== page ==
What to do when disaster strikes before your honeymoon

What to do when disaster strikes before your honeymoon

When it comes to booking holidays, it’s always best to plan in advance. The earlier you book, the higher the chance is of scoring a great deal. Incentives aside, being well organized is never a bad thing. Unfortunately, things don’t always go according to plan so what do you do when disaster strikes before your honeymoon?

Check the weather 

Even though you may not be able to predict the weather, you can always research and see when certain natural disasters are more likely to occur. For example, hurricanes are more likely to occur between June to November in Florida, the Caribbean and the Gulf of Mexico. If you are already there and disaster strikes, there should be specific procedures in place and safety precautions. Many places will have shelters to take cover in.


Depending on how much money you’ve invested in your honeymoon, taking travel insurance is a great option. If disaster strikes before you leave for your romantic getaway and you need to cancel, the extensive travel insurance should cover it.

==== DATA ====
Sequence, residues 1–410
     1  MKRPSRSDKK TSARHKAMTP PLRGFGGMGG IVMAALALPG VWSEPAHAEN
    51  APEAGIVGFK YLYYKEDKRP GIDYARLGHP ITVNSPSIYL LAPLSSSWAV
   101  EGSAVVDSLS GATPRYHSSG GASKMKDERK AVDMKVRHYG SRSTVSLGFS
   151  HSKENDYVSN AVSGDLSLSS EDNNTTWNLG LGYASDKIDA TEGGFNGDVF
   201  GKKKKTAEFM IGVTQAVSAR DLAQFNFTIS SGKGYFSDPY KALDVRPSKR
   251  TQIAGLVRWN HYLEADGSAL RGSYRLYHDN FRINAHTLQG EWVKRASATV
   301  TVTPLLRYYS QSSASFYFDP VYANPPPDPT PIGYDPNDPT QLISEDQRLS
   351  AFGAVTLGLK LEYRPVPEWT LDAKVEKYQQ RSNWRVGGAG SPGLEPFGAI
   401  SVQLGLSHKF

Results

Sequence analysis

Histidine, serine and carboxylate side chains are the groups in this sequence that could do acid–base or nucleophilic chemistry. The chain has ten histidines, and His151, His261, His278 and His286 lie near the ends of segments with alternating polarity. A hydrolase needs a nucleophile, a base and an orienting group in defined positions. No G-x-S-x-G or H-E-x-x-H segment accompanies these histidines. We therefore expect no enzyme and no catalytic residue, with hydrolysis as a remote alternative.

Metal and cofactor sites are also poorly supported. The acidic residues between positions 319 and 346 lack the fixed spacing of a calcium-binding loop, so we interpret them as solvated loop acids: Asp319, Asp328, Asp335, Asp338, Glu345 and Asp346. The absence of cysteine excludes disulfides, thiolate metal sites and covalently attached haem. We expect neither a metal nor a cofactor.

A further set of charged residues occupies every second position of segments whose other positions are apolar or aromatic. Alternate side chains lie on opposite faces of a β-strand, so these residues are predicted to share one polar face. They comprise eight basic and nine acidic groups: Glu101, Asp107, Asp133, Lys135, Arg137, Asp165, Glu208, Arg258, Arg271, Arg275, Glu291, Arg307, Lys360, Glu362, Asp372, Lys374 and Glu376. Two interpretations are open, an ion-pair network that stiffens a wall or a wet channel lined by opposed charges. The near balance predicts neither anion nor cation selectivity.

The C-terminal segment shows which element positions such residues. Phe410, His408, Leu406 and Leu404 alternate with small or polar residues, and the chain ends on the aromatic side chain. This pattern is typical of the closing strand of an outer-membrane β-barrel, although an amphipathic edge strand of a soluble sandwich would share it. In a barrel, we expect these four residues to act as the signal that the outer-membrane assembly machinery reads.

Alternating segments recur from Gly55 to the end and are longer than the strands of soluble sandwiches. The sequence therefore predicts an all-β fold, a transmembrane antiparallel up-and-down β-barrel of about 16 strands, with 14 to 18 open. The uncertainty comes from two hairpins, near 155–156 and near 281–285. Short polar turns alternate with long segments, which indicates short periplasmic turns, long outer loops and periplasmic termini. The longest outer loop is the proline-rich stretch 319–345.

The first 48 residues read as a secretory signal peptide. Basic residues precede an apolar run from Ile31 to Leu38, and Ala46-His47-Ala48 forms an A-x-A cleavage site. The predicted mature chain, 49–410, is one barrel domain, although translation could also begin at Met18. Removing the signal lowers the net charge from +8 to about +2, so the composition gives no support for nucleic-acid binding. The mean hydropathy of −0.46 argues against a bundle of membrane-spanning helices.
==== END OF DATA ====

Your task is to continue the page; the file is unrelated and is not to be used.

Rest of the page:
What do the experts say? 

Travel agent, Melissa Geldenhuys from Sure Travel says travel insurance is imperative. This means that you will be covered in the event of your holiday being disrupted by any unforeseen situations.

“Should there be a natural disaster or terrorist attack that occurs before or during the client’s travel, the airlines and tour operators would put an advisory in place on how to proceed with the travel arrangements.”

If disaster strikes before you leave, the airline/tour operator would advise alternative travel dates that the holiday can be moved to at no cost to the client. If the client is not able to change their travel dates, a cancellation procedure would be offered. Any penalty fees not waived, could be reimbursed by the travel insurance company.

If an incident occurs while you’re already on honeymoon, then the airlines/tour operator would advise alternative travel arrangements. This could mean moving accommodation, changing flights and evacuation procedures put in place to return clients to their home country.

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